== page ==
Type - Quality - Number - Class - Inversions
Music Intervals are the difference in pitch between any 2 notes or tones.
Diatonic Intervals occur between the notes of a diatonic scale while chromatic intervals occur between the notes of a chromatic scale.
- Diatonic Scales consist of tones and semitones
- Chromatic Scales consist of semitones only
Intervals are named depending on their position in the scale:
- Simple Intervals: Intervals that are shorter than or equal to an octave
- Compound Intervals: Intervals which are beyond the range of an octave.
- The Octave: The most fundamental interval as it determines the first and last note of the scale.
- Unison: When you have 2 notes of the same pitch.
- All other intervals are determined by their distance from the first note of the scale, also known as the Root or Tonic. These intervals are called seconds (2nds), thirds (3rds), fourths (4ths), fifths (5ths), sixths (6ths) and sevenths (7ths).
Further Definition: There is a system of names which further defines each interval. These are perfect, major, minor, augmented and diminished intervals.
- The term Perfect applies to the Unison (1st), the 4th, the 5th and the Octave (8th).
- The 2nd, 3rd, 6th and 7th intervals may be either Major or Minor.
- The interval between the 4th and 5th in a Diatonic scale is called the Tritone.
The Tritone can be either an augmented 4th or a diminished 5th. This is because of enharmonic spellings. It is actually the same interval but with 2 different names.
Quality & Number of Interval
To name an interval, we need to determine the quality and number of the interval, e.g., a minor third (m3) is the name of the interval. The m (minor) describes the quality of the interval, while the third (3) describes the number of the interval.
Rules for Music Intervals:
- Minor Interval - contains 1 semitone less than a major interval.
- Major Interval - contains 1 semitone more than a minor interval.
- Augmented Interval - contains 1 semitone more than a Perfect or Major Interval.
- Diminished Interval - contains 1 semitone less than a Perfect or Minor Interval.
- Perfect Interval - raised by one semitone becomes an Augmented Interval.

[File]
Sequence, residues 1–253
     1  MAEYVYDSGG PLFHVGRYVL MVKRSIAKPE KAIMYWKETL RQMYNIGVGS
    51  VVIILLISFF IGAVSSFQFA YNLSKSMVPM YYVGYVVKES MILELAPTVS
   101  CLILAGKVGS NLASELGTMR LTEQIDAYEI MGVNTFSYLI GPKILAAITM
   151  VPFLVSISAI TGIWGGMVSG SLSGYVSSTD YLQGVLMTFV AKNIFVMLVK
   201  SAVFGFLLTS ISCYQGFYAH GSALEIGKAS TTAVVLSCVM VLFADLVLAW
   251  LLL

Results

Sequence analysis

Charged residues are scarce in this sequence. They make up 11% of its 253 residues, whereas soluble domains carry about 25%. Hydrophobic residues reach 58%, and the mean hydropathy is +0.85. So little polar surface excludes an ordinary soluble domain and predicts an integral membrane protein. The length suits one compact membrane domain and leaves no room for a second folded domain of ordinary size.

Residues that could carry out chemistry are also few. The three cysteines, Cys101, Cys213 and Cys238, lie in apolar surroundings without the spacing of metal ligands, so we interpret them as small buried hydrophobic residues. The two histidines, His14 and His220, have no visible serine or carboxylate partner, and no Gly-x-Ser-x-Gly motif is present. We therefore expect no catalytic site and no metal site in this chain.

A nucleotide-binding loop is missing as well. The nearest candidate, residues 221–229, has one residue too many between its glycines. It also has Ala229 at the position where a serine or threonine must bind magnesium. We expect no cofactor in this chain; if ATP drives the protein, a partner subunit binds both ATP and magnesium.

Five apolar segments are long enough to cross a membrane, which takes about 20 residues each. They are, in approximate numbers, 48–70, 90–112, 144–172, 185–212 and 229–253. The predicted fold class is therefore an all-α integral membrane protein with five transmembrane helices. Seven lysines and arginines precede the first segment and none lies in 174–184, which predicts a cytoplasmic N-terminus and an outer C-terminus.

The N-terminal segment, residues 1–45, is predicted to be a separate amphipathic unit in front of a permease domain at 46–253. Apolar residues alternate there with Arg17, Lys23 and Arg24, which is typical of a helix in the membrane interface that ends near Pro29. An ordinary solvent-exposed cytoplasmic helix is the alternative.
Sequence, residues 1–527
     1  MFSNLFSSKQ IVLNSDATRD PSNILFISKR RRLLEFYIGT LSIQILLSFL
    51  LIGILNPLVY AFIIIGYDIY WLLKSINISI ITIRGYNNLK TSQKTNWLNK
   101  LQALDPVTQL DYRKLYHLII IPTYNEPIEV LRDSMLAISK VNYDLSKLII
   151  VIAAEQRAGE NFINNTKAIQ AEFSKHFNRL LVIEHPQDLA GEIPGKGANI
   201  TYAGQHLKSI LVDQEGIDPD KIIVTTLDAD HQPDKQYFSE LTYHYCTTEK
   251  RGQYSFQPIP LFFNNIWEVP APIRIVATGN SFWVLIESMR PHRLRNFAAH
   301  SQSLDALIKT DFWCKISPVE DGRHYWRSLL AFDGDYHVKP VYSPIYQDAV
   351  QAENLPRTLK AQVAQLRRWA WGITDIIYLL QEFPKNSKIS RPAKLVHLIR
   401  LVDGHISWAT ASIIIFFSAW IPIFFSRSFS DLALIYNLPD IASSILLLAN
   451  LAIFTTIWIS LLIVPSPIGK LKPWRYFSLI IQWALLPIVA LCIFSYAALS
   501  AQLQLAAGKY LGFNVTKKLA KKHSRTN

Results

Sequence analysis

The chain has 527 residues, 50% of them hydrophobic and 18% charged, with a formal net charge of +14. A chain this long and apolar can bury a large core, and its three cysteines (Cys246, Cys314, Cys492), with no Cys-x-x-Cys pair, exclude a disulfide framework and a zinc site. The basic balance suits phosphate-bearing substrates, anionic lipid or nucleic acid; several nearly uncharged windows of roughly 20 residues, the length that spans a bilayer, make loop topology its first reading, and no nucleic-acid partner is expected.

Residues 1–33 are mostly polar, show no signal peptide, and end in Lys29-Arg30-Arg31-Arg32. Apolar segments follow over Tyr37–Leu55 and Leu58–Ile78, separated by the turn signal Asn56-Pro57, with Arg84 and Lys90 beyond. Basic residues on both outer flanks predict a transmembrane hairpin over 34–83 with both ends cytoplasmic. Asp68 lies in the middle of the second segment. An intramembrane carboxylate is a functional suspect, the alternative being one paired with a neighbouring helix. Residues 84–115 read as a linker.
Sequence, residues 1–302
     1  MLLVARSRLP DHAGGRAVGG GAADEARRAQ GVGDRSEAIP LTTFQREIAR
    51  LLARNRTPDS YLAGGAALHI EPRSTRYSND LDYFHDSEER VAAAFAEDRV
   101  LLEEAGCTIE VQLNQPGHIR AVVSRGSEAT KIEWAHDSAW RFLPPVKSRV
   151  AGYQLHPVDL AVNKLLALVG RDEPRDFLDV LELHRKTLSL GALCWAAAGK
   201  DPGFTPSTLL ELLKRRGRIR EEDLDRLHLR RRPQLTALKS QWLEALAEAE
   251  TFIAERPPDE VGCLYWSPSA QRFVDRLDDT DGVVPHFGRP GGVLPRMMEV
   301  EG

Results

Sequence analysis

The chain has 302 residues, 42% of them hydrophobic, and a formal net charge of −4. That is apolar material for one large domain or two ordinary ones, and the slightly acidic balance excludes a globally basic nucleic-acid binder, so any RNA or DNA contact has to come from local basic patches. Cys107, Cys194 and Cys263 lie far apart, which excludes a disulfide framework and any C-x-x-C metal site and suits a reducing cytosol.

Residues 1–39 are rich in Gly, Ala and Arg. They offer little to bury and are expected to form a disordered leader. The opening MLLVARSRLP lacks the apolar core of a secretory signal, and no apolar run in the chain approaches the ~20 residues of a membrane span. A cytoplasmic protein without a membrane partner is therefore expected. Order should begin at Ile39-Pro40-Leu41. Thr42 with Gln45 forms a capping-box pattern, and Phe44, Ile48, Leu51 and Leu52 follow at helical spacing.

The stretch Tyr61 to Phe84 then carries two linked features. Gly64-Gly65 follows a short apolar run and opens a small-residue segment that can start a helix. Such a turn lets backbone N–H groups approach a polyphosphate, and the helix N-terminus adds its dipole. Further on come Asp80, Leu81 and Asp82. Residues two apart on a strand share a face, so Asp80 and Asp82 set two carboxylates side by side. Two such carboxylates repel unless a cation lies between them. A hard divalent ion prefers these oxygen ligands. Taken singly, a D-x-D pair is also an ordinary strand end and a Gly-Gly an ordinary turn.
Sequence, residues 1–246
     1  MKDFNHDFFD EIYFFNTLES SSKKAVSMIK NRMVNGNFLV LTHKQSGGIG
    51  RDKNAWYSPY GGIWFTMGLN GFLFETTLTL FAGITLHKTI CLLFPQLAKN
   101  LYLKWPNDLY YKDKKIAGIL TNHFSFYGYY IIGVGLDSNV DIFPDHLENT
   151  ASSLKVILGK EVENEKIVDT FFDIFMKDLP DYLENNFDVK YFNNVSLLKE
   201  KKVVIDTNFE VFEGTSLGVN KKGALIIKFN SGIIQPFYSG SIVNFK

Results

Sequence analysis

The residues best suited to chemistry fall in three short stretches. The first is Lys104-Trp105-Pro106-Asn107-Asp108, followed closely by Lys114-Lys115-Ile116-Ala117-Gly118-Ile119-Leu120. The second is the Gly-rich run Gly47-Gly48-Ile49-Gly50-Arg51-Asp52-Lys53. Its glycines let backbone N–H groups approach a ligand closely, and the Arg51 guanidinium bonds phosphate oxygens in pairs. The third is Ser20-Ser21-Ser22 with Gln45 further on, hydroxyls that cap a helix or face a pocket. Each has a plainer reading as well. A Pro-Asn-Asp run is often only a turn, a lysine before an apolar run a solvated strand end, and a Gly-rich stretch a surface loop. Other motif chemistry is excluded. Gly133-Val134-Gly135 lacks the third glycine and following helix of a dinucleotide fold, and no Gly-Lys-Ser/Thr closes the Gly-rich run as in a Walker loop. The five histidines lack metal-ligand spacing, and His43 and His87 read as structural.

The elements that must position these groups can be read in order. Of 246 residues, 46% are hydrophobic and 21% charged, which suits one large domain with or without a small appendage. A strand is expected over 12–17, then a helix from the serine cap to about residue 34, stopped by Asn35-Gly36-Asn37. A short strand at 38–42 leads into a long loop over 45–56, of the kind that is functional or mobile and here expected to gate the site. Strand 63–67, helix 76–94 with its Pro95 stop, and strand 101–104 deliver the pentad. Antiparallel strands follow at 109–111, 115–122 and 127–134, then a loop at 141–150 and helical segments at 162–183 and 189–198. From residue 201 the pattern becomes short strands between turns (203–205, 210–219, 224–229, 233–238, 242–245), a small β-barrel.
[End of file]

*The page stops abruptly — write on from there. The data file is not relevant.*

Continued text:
- Perfect Interval - lowered by 1 semitone becomes a Diminished interval.
- Intervals are always counted upwards unless stated to the contrary, with the lower note counted as 1.
- The lower note of a music interval is always classed as the keynote or root of the interval in question, even when inverted.
- A major third is equal to 4 half steps or 4 semitones ( 2 tones)
- A minor third is equal to 3 half steps or 3 semitones (1+1/2 tones)
- 1sts, 4ths, 5ths and 8ths can be made Perfect, Augmented and Diminished.
- 2nds, 3rds, 6ths and 7ths can be made Major, Minor, Augmented and Diminished.
Classes of Intervals
Music Intervals can be classed as Harmonic or Melodic.
- Harmonic - are formed when 2 notes are played together
- Melodic - are formed when 2 notes are played in succession....(one after the other)
They are divided into 2 classes. 1) Consonant 2) Dissonant
- Consonant Intervals - satisfactory to the ear and do not need resolution.
- Dissonant Intervals - unsatisfactory to the ear and generally require resolution
Resolution is passing from a dissonant interval to a consonant interval.
Divided into 2 classes: 1) Perfect and 2) Imperfect
- Perfect Intervals: 1sts, 4ths, 5ths & 8ths
- Imperfect Intervals: Major Thirds, Minor Thirds, Major Sixths and Minor Sixths.
2nds, 7ths, 9ths and all Augmented and Diminished Intervals
Intervals which are beyond the range of an octave.
- When a 2nd is an octave higher, it is called a 9th.
- When a 3rd is an octave higher, it is called a 10th.
- When a 4th is an octave higher, it is called an 11th.
- When a 5th is an octave higher, it is called an 12th.
- When a 6th is an octave higher, it is called a 13th...
A simple interval can be inverted by raising the lower pitch an octave, or lowering the upper pitch an octave. To invert, place the lower note above the upper note or vice versa, e.g. the interval C - E upon inversion becomes E - C.